Stop Talking About Hillary Clinton's Hair

The secretary of state is one of the most fascinating people of 2012, and not because of her hair.

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U.S. Secretary of State Hillary Rodham Clinton meets with Egyptian President Mohammed Morsi in Cairo, Egypt.

In 1991, when Bill Clinton was first heading up to New Hampshire to appeal to Granite State primary voters, it was the black headband. Then, after Clinton won, it was the battle of the chignon and the short 'do. And now, it's the question of whether a longer hairstyle is right for a woman in her 60s.

Hillary Clinton is secretary of state. She has logged nearly a million air miles trying to ease tensions in the Middle East, promote women's rights abroad, and soothe hard feelings after embarrassing information surfaced in the Wikileaks episode. She made an impressive and nearly successful run for the Democratic nomination for president in 2008, and a lot of people are hoping she'll try again in 2016. Never mind being one of the smartest and hardest-working women in government. She's one of the smartest and hardest-working people in government.

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Can we stop, already, then, with comments about her hair?

It's distressing when anyone belittles a female politician or other leader by commenting on her looks or her grooming—and this goes as well for former Gov. Sarah Palin and Rep. Michele Bachmann, whose stunning good looks seemed too much of a distraction for a lot of the media. It's even more offensive when the subject of the evaluation is one of the stars of the administration, and when the perpetrator is another woman.

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Barbara Walters named Secretary Clinton as one of the "most fascinating" people of the year, and of course asked about her job and future political ambitions. Was it really necessary to ask about her hair? Walters did, and Clinton, good-humoredly, responded:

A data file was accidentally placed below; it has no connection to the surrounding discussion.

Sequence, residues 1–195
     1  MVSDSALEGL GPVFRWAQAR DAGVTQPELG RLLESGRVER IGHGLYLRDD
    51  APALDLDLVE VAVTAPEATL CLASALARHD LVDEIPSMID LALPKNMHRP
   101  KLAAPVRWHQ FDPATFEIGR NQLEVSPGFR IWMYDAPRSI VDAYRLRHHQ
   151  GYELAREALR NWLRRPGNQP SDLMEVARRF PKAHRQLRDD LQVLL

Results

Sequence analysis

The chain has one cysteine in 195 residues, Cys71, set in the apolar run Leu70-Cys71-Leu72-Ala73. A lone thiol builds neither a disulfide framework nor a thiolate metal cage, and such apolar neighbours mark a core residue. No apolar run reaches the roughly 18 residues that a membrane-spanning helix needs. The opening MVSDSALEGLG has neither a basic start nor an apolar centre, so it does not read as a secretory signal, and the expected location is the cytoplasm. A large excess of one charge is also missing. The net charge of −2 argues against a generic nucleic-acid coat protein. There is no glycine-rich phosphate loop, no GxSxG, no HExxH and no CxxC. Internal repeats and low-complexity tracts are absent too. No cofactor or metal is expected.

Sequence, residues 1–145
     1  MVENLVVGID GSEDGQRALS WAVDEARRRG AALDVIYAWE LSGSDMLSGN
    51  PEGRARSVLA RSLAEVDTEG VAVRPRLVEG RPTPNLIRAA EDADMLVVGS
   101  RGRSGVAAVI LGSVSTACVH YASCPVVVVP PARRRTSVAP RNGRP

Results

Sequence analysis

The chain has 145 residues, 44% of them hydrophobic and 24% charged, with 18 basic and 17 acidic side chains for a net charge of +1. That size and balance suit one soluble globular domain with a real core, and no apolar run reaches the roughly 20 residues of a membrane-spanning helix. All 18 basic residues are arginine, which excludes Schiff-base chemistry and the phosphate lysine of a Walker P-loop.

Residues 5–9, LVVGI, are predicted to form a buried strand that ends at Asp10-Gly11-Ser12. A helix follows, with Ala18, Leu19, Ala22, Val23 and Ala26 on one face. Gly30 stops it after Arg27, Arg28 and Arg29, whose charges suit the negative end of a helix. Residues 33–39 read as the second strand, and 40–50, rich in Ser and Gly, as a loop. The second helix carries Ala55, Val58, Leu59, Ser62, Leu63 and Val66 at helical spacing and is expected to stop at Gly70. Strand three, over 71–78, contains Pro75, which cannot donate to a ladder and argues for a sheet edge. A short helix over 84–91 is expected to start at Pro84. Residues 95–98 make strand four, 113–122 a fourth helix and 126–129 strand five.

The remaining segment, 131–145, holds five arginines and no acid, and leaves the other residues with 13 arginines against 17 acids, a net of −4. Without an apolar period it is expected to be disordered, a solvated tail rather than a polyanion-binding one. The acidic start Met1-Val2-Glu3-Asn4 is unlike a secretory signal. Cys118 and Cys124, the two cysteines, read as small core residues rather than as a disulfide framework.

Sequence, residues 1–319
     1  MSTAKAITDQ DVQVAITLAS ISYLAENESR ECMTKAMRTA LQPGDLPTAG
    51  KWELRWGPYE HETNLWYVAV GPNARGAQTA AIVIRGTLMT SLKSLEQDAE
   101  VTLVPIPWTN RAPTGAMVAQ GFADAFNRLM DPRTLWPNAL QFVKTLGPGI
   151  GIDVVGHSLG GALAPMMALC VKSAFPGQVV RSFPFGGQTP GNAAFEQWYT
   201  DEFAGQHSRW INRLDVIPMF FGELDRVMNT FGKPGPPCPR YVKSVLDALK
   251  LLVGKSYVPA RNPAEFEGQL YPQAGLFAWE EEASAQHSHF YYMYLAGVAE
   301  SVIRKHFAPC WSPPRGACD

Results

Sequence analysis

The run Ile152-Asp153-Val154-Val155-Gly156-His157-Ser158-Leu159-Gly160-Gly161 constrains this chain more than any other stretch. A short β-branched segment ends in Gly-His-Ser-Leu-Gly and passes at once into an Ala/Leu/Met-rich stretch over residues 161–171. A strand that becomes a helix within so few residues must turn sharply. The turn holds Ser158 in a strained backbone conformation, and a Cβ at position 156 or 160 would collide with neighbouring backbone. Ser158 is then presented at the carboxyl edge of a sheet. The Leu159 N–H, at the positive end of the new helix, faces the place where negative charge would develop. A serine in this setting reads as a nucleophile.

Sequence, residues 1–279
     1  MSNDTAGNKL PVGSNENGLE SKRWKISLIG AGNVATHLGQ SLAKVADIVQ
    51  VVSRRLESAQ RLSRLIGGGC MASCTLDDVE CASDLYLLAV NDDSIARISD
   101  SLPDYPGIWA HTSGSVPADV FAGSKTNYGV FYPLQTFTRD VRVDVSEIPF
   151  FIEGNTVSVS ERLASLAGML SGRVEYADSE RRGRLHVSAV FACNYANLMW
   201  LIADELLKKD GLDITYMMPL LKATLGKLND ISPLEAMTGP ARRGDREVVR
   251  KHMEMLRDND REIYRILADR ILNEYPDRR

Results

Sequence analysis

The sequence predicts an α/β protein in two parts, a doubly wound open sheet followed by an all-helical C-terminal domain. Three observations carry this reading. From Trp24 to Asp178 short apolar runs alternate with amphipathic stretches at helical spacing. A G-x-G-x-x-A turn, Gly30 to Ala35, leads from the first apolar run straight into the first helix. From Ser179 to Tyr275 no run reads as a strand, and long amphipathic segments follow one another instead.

It's fascinating to me how people are so curious about it. Because after a while, it just got to be really burdensome to try to find a hairdresser in some city, somewhere, oftentimes not being able to speak English, that at least I could communicate with. So, I said enough, we're just going to try to go with as simple as possible.

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Well, good that we got that burning question resolved.

It's not that men are never questioned about their appearances. Walters also needled New Jersey Gov. Chris Christie about his weight. Presidents are periodically reported to have gone grayer during their terms. But those remarks are reflective of issues of health and stress, not of their roles as men. Remarks about a woman's hair are fundamentally comments about how she manages the job she has with her other job—that of being a woman, and being not only attractive, but age-appropriate attractive. In Palin and Bachmann's case, their relative youth and good looks seemed to be at odds with their suitability for higher office—all the more offensive, since there were good, solid reasons to question their suitability for higher office on more substantive grounds. And when a woman is older, she's expected to defeminize herself, as though there were something obscene about a woman past her child-bearing years showing any femininity at all. Long hair is feminine, and Clinton seems to have ruffled some sensibilities by not keeping it chin-length or shorter to suit someone else's idea of what a 60-something woman should look like.

Clinton is indeed one of the most fascinating people of 2012, and it would be even more fascinating to watch her run for president in 2016. And if she does, here's hoping she wears her hair down her back.